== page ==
Gait Speed and Instrumental Activities of Daily Living in Older Adults after Hospitalization: A Longitudinal Population-Based Study

Juraj Sprung, Mariana Laporta, David S. Knopman, Ronald C. Petersen, Michelle M. Mielke, Toby N. Weingarten, Maria Vassilaki, David P. Martin, Phillip J. Schulte, Andrew C. Hanson, Darrell R. Schroeder, Prashanthi Vemuri, David O. Warner

Research output: Contribution to journalArticlepeer-review


Background: Hospitalization can impair physical and functional status of older adults, but it is unclear whether these deficits are transient or chronic. This study determined the association between hospitalization of older adults and changes in long-term longitudinal trajectories of 2 measures of physical and functional status: gait speed (GS) and instrumental activities of daily living measured with Functional Activities Questionnaire (FAQ). Method: Linear mixed-effects models assessed the association between hospitalization (nonelective vs elective, and surgical vs medical) and outcomes of GS and FAQ score in participants (older than 60 years) enrolled in the Mayo Clinic Study of Aging who had longitudinal assessments. Results: Of 4902 participants, 1879 had ≥1 hospital admission. Median GS at enrollment was 1.1 m/s. The slope of the annual decline in GS before hospitalization was -0.015 m/s. The parameter estimate (95% CI) for additional annual change in GS trajectory after hospitalization was -0.009 (-0.011 to -0.006) m/s, p <. 001. The accelerated GS decline was greater for medical versus surgical hospitalizations (-0.010 vs -0.003 m/s, p =. 005), and nonelective versus elective hospitalizations (-0.011 vs -0.006 m/s, p =. 067). The odds of a worsening FAQ score increased on average by 4% per year. Following hospitalization, odds of FAQ score worsening further increased (multiplicative annual increase in odds ratio per year [95% CI] following hospitalization was 1.05 [1.03, 1.07], p <. 001). Conclusions: Hospitalization of older adults is associated with accelerated long-term decline in GS and functional limitations, especially after nonelective admissions and those for medical indications. However, for most well-functioning participants, these changes have little clinical significance.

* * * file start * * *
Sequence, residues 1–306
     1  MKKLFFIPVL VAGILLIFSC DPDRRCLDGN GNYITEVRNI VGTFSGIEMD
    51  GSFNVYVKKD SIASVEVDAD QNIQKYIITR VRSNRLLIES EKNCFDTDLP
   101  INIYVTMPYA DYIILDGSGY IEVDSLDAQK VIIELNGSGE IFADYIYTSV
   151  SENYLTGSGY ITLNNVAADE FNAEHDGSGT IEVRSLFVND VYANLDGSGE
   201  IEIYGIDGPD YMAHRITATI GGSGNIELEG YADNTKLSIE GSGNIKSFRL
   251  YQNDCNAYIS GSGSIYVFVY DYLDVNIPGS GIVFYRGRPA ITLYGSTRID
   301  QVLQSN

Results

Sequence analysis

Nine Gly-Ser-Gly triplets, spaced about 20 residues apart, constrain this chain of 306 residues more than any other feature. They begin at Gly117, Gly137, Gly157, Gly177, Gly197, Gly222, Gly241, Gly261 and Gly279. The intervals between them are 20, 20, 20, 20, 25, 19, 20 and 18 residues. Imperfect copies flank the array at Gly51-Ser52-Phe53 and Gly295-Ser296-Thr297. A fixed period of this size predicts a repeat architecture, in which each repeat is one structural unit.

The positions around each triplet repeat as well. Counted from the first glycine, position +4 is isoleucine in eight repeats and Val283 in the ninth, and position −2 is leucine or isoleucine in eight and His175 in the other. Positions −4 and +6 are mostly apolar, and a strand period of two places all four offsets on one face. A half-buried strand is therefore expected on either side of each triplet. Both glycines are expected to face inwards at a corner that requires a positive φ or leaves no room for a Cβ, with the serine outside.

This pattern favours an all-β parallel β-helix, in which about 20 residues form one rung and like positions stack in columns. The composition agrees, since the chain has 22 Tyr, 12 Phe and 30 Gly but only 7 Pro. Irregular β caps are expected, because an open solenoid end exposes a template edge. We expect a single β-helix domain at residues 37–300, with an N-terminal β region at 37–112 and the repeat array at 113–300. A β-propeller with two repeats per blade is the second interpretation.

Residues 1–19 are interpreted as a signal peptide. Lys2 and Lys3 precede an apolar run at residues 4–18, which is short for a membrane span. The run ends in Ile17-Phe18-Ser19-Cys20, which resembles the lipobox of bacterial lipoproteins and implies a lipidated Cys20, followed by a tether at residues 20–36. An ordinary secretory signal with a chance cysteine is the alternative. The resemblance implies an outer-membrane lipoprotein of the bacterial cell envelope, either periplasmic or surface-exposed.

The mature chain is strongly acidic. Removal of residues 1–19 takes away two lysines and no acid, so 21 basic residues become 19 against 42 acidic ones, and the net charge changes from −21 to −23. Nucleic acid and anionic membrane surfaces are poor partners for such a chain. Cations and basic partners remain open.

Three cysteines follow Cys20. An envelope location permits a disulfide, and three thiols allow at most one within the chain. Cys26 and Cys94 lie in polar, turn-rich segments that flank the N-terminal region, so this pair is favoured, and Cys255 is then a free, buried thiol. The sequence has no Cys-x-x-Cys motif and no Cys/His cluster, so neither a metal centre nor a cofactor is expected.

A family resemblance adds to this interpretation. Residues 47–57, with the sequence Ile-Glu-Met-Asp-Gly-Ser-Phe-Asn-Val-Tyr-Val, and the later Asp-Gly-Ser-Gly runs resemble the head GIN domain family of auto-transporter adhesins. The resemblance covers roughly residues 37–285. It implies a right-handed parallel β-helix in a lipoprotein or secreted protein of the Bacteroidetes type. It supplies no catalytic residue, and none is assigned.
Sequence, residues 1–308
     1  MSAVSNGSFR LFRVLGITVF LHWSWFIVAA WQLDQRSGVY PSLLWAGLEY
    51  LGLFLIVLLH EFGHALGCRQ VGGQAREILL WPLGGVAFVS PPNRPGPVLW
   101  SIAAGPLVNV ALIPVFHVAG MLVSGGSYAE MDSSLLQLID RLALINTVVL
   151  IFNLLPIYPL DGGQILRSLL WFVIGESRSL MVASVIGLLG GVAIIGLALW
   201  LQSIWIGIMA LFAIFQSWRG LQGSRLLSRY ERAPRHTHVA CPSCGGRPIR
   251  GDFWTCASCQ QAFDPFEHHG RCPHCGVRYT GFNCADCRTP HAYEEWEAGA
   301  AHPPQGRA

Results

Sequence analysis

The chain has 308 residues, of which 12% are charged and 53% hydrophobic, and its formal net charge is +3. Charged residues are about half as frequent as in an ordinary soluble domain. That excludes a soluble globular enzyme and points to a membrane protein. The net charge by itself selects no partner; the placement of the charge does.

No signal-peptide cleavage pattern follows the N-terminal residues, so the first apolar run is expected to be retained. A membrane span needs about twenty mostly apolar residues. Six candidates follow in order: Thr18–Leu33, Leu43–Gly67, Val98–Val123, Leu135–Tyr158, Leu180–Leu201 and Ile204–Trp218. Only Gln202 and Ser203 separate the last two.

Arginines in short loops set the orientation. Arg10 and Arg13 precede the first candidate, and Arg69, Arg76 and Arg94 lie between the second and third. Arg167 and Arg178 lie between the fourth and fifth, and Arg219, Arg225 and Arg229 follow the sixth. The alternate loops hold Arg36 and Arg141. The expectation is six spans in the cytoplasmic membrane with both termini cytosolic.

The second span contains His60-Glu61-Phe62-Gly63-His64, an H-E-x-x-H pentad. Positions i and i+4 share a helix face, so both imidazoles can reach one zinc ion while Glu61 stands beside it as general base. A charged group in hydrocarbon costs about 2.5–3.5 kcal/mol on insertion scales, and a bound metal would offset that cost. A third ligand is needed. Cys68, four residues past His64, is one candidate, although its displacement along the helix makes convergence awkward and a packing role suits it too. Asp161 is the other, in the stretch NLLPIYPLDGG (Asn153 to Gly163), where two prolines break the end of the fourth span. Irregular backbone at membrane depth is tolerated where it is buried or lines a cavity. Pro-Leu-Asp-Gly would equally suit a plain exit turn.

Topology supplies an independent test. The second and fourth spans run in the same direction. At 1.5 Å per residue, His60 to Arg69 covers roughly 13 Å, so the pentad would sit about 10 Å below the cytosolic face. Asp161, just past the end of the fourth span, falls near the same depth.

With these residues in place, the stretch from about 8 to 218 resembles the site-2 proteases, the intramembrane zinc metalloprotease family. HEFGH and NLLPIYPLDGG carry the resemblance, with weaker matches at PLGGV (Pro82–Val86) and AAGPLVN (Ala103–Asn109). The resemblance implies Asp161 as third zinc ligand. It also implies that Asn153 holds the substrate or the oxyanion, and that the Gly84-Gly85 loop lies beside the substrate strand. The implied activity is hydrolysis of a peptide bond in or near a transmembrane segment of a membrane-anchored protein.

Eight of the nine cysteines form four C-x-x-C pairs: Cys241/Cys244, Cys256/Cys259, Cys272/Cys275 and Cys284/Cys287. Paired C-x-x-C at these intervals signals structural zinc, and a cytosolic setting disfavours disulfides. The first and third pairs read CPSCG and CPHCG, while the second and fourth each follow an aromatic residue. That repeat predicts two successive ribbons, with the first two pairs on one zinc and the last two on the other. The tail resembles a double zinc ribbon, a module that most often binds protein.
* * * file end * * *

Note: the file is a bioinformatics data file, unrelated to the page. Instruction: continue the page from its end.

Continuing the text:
Original languageEnglish (US)
Pages (from-to)E272-E280
JournalJournals of Gerontology - Series A Biological Sciences and Medical Sciences
Issue number10
StatePublished - Oct 1 2021


  • Activity of daily living
  • Gait speed
  • Hospitalization admission
  • Mayo Clinic Study of Aging

ASJC Scopus subject areas

  • Aging
  • Geriatrics and Gerontology


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